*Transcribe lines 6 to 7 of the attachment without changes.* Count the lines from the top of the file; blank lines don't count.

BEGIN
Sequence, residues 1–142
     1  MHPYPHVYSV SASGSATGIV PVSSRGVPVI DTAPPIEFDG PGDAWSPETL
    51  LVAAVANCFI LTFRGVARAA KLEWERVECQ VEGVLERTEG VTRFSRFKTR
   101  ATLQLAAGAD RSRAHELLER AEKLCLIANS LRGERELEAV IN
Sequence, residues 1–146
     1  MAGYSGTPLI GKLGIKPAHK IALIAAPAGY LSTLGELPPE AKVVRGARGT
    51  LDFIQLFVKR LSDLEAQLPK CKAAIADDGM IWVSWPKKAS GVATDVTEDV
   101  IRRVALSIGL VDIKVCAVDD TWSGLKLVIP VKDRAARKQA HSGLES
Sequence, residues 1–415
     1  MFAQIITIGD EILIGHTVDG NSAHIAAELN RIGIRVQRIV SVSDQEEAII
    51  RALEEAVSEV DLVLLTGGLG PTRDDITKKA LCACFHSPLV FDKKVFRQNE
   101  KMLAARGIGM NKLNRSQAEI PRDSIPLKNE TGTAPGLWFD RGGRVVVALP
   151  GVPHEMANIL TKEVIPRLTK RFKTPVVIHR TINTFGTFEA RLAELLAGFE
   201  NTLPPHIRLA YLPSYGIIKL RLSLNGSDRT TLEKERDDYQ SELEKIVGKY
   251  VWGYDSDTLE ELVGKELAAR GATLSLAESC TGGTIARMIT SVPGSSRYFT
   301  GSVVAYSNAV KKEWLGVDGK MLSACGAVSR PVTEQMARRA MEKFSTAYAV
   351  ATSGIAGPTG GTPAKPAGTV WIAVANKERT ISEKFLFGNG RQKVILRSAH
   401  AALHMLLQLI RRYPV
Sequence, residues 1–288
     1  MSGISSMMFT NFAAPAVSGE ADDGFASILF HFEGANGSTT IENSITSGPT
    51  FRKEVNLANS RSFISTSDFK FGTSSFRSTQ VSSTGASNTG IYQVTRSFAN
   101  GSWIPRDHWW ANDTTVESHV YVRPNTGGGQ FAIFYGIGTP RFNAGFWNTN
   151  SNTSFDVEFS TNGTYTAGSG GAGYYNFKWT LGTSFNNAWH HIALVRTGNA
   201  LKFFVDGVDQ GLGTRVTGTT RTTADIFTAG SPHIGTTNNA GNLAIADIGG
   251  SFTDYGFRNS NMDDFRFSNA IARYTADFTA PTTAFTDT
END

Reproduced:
     1  MAGYSGTPLI GKLGIKPAHK IALIAAPAGY LSTLGELPPE AKVVRGARGT
    51  LDFIQLFVKR LSDLEAQLPK CKAAIADDGM IWVSWPKKAS GVATDVTEDV